Something like the reauthorization of the Higher Education Act, which beyond partisan philosophical differences also involves significant federal costs, would be even less likely to happen, given the inevitable blame game and finger-pointing around fiscal responsibility and the deficit.

School Choice

The Arizona initiative to make education savings accounts (ESAs) available to all students instead of just special needs students failed by a 2-to-1 margin — despite the winners being badly out-funded. Lack of accountability leading to waste of taxpayer funds was already a major concern for the special needs ESAs. This concern expanded to the strong potential of these wasted dollars decreasing funding for public, charter and private schools and harming educational achievement.

The removal of Florida’s school choice constitutional amendment by the courts combined with this Arizona defeat means that there has still been no statewide school choice program approved by voters. Although many parents — including the 90 percent whose children attend public schools — are concerned about Common Core and other public school issues, they also do not want the public system blown up by corporate elites pushing choice programs that are not always fiscally and or academically effective while also imposing Common Core testing mandates, and therefore the standards, on private schools.

School Funding

Many local bond referendums and sales tax increases to fund various education initiatives passed throughout the country, even in generally tax-averse states like Florida. This seems to be related to voter concern about school safety, teacher shortages, building conditions, etc. All of these concerns should be laid at the feet of federal and state legislators and bureaucrats that imposed standards and testing mandates and the thoroughly ineffective yet very expensive education technology, data gathering, SEL, and personalized computerized learning boondoggles that are siphoning money from the basics needed for an educated citizenry.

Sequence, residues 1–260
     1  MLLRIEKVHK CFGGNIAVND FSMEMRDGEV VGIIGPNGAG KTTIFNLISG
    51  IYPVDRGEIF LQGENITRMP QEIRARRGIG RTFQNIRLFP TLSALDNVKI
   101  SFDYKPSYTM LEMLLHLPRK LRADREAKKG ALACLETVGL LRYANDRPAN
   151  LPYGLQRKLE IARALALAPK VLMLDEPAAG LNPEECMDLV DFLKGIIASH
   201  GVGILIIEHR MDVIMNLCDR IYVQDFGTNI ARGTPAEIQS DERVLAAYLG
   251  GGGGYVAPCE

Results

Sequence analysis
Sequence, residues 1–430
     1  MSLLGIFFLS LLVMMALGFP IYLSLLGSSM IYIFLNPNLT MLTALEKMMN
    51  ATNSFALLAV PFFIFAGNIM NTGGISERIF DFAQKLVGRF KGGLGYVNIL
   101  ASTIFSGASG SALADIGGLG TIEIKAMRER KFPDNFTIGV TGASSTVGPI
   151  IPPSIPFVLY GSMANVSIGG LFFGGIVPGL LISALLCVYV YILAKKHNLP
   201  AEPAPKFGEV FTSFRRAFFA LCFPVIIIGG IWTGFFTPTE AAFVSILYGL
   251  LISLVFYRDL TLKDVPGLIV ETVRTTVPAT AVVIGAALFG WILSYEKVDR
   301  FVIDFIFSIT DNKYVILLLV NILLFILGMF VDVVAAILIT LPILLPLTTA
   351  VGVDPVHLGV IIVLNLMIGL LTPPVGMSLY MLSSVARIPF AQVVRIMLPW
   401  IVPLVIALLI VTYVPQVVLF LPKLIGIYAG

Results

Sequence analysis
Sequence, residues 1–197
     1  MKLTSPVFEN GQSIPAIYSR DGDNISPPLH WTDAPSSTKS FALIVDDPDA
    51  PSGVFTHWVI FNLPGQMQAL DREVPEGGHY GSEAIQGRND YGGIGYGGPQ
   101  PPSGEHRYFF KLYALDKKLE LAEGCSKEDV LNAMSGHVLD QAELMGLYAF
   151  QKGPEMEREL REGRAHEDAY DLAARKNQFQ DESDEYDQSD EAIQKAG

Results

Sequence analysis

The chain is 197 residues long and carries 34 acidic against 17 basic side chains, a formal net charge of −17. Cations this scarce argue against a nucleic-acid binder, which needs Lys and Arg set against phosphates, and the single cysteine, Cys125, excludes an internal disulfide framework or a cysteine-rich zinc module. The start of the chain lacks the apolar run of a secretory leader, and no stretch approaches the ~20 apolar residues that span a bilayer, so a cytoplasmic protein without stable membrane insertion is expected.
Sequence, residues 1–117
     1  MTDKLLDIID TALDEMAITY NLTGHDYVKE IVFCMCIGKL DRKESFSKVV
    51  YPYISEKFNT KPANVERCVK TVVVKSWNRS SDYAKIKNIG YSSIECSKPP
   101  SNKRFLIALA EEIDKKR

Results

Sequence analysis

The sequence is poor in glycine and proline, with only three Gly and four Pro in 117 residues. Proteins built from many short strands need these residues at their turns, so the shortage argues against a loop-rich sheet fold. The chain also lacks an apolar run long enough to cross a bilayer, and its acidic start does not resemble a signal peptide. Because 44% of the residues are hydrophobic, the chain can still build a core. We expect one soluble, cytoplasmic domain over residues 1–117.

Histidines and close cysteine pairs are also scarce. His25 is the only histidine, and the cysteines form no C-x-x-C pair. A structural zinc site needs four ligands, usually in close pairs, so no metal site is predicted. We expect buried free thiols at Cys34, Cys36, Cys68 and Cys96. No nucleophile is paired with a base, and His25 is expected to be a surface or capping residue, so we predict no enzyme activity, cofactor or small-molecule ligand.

This election makes it abundantly clear why we must continue the fight to #EndFedEd and #StopCommonCore.

Photo credit: US Department of Education via Flickr, CC BY 2.0

Karen R. Effrem, MD

Dr. Karen Effrem and her husband have three children. She is trained as a pediatrician and serves as national education issues chairman for Eagle Forum and president of Education Liberty Watch.